Ahmad Gharabli/Getty. All rights reserved.Last week Palestinian journalist Mohammed Al Qiq ended a record 94-day hunger strike protesting his so-called administrative detention in an Israeli jail.
Administrative detention is a misnomer for a procedure used to hold Palestinian activists in military confinement without charges or due process. The six-month administrative order can be extended indefinitely without informing the detainee of the charges or affording them or their counsel the right to examine the evidence against them.
It is just one oppressive Israeli occupation instrument that drives the civil movement underground and transforms it to violent resistance. Under international law, administrative detention can be permissible under exceptional circumstances. It comes, however, with rigid restrictions on its application. In the case of Israel, the exception is the norm.
The latest political prisoner Al Qiq was on the verge of death when Israel finally agreed not to extend his detention beyond the current six-month order.
According to the Israeli organisation Physicians for Human Rights, Al Qiq’s hunger strike lasted longer than the 1981 hunger strikes by members of the Irish Republican Army who were held by Britain in Northern Ireland. Al Qiq’s lawyer Jawad Boulus’ earlier appeal to Israel’s supreme court to release his client was rejected.
Administrative detention can be extended indefinitely without informing the detainee of the charges or affording them or their counsel the right to examine the evidence against them.
The court ruled that the military judge’s order to detain him was legal. According to Boulus, the supreme court was “briefed on classified material” that he was neither allowed to review nor challenge.
About eight years ago, Al Qiq served 16 months in Israeli jails for political activities on the elected student council at Birzeit University. At the time of this detention, the 33-year-old father of two was working as a TV correspondent for Saudi’s Almajd television.
Al Qiq was arrested during an Israeli military raid in the middle of the night at his home in the city of Ramallah. The city, according to agreements signed between Israel and the Palestinian Authority (PA), is located in Area A, ostensibly under the PA’s full civil and security control.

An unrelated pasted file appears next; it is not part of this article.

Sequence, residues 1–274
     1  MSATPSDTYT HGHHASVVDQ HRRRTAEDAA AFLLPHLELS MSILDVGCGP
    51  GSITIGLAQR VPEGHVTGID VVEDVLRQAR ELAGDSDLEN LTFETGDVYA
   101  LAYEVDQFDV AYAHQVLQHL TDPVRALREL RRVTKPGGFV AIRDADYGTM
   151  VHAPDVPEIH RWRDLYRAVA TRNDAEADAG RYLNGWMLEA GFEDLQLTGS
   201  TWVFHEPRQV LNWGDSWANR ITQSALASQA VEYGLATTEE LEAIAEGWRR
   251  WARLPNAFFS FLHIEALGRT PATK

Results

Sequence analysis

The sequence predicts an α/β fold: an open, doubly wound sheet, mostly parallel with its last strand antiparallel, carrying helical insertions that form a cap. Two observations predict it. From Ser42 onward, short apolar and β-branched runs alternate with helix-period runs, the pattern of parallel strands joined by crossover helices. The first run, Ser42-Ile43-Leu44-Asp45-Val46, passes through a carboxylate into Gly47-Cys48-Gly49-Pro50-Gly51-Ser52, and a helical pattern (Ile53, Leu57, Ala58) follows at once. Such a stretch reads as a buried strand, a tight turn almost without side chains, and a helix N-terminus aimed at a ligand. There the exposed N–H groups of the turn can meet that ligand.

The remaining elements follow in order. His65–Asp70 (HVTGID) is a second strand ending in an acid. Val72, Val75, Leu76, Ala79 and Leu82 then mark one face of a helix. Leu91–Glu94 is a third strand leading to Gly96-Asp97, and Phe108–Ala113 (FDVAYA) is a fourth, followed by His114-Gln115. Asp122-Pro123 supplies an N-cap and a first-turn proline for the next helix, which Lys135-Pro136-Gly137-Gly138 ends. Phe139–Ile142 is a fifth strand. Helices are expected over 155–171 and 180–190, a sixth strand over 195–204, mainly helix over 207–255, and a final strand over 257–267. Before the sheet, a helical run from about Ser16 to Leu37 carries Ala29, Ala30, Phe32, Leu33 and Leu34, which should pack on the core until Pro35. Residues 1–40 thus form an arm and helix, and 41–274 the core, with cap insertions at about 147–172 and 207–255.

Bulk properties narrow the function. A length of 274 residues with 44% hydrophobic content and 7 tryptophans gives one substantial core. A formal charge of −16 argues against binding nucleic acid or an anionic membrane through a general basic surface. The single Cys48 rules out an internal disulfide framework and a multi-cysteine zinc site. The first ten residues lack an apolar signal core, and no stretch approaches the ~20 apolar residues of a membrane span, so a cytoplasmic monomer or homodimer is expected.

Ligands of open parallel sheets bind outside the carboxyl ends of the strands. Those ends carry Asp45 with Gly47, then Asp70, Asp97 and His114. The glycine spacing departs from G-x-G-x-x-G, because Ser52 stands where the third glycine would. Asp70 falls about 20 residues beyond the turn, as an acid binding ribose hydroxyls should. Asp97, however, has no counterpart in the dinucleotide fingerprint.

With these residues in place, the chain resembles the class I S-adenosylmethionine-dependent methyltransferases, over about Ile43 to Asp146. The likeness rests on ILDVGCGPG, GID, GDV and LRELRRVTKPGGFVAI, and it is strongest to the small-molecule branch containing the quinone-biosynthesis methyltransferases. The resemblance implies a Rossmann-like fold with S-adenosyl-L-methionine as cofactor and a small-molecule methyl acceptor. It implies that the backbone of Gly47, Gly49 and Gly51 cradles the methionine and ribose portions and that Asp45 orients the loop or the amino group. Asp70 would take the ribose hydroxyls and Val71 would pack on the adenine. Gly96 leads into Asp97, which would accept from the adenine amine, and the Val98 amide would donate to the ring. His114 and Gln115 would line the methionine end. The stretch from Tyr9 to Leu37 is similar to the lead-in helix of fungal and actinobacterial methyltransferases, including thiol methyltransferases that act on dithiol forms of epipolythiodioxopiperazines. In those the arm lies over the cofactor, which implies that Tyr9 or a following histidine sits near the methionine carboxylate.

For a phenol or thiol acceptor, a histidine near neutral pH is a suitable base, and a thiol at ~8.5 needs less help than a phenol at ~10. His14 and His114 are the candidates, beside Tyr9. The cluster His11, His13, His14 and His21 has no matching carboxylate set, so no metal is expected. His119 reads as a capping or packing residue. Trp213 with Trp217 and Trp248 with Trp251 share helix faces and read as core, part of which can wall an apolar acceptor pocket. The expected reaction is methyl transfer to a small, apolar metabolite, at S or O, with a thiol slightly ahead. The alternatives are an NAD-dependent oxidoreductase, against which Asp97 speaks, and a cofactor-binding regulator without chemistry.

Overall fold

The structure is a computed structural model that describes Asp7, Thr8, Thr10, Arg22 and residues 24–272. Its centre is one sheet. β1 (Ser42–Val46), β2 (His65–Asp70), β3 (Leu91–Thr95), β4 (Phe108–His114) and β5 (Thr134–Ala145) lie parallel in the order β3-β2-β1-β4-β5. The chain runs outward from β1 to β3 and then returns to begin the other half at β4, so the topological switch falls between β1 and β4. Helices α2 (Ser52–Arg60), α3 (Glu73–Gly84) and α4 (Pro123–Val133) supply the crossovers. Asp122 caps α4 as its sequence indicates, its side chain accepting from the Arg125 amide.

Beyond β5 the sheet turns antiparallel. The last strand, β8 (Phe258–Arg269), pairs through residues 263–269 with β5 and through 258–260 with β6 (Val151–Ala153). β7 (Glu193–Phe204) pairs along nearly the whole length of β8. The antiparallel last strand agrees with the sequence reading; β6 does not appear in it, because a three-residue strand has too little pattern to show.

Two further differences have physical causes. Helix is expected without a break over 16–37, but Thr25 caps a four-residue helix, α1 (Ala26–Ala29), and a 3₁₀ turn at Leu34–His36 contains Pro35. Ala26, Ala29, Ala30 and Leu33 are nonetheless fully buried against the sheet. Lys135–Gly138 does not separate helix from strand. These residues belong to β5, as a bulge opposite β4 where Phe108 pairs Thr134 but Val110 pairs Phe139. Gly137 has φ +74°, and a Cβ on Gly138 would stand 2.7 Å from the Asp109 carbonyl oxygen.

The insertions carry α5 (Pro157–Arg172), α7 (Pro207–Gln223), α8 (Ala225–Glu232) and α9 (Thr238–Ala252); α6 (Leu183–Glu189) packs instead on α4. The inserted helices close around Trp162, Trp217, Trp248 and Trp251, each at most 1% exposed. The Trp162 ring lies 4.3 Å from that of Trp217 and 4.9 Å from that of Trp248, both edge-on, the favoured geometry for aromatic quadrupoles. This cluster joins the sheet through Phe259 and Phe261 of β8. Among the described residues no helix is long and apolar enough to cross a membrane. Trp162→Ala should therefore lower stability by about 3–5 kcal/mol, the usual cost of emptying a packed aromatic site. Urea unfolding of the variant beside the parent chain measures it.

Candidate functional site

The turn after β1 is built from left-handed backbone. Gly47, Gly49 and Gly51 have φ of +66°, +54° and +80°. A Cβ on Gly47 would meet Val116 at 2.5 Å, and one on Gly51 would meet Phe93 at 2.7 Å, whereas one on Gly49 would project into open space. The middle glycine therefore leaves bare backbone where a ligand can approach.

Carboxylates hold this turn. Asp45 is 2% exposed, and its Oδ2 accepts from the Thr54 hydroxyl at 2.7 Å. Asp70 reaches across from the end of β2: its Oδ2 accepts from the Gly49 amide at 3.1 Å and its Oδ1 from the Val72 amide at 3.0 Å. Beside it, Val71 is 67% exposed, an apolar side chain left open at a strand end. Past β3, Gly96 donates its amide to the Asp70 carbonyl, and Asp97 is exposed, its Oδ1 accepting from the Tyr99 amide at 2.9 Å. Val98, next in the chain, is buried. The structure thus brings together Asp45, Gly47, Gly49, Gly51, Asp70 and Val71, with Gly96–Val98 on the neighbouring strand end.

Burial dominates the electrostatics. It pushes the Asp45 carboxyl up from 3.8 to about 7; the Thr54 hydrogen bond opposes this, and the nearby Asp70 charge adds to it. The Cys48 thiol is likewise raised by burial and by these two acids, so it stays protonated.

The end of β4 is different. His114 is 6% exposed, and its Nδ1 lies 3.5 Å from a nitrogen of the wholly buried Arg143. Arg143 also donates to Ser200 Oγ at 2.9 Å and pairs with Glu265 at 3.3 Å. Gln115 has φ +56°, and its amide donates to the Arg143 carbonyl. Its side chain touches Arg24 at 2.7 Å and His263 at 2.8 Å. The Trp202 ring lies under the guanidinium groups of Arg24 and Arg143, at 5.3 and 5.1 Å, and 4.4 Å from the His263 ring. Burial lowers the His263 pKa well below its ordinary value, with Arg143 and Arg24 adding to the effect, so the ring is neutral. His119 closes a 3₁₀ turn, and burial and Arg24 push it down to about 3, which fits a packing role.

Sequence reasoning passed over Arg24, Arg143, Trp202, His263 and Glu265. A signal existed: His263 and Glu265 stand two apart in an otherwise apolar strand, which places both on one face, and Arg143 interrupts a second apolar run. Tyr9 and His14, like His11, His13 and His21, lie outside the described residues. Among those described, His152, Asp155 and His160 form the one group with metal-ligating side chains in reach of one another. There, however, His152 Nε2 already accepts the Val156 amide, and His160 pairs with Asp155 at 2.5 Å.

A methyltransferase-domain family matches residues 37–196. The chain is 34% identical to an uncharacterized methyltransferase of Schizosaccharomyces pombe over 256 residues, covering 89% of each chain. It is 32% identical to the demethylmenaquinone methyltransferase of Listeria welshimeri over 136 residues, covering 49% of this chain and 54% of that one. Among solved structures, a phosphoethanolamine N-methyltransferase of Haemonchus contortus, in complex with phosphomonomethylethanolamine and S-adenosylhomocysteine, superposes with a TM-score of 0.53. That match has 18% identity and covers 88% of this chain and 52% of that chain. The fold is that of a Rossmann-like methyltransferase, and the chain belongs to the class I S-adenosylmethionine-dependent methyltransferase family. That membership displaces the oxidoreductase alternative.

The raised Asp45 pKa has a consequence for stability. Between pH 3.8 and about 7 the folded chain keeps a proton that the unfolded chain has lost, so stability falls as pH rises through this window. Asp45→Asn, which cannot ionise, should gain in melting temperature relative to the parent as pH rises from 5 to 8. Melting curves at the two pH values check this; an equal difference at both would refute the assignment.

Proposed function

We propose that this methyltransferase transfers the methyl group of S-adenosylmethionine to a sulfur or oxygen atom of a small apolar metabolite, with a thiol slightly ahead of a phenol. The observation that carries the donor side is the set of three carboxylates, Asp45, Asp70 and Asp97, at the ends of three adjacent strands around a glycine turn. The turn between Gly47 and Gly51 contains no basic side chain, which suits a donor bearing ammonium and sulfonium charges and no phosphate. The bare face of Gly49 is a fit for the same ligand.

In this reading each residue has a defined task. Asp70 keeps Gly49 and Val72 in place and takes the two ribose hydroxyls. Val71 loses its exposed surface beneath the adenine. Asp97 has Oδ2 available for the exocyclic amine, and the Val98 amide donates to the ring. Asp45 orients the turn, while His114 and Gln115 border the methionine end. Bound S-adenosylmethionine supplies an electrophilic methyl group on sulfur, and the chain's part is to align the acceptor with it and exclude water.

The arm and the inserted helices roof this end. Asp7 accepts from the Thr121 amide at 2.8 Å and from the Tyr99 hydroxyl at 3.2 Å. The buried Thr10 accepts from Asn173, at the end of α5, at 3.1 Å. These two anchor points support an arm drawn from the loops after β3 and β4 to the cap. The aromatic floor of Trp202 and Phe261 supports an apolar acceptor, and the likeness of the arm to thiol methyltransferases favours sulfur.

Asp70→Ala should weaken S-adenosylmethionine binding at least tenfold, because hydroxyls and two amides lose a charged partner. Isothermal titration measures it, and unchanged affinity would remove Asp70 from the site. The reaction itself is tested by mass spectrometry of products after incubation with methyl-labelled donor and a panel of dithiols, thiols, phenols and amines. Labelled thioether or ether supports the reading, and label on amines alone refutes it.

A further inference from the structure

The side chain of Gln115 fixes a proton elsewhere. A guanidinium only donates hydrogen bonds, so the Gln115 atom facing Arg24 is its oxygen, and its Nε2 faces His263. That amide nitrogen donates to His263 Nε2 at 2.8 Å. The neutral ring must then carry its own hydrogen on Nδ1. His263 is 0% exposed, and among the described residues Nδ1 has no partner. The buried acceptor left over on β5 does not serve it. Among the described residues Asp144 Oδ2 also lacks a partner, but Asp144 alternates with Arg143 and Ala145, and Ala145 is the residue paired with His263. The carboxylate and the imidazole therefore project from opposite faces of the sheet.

On 25 November 2015, four days following his arrest, Al Qiq started a hunger strike to protest ill-treatment and his detention without due process. Henceforward, a battle of wills ensued between the captive and his jailers. In early January, he was strapped to his bed for four days and was forcibly fed intravenously. On 1 February, Al Qiq’s wife, Fayha Shalash, told reporters that her husband had requested not to receive any medical treatment, even if he loses consciousness. “His decision is very clear: either free or dead, not in between.”
Israeli jailers continued to monitor his deteriorating health hoping the “self-torture” pain would eventually force him to end his strike. Driven by pure devilish schadenfreude, Israeli authorities watched him on closed circuit TV screaming in agony as his internal organs started to fail. With Al Qiq gravely ill but not in total collapse, the Israeli supreme court rejected his petition on 16 February to transfer him to a Palestinian hospital. The court sided with the military’s secret evidence that he would represent a threat if he was released from Israeli custody.
In the last week of February, Al Qiq lost the ability to speak and was at risk of death. Realising he would never surrender, his jailers ultimately agreed not to extend his six-month administrative detention order. Unfortunately, it took Al Qiq 94 days of extreme agony to show the world that Israel had no imperative cause to detain him in the first place.
While there were very few instances when Israeli Jews were held in administrative detention, the law has been applied disproportionally to Palestinian activists. Israel compares only to apartheid South Africa who used administrative detention widely in an effort to crush the opposition to apartheid.
Israel has failed to break the will of another prisoner. And like apartheid South Africa, it will not succeed in subjugating the will of a people longing for justice and freedom from an imported ethnocentric occupation.
A version of this article was first published by the Gulf Daily News newspaper.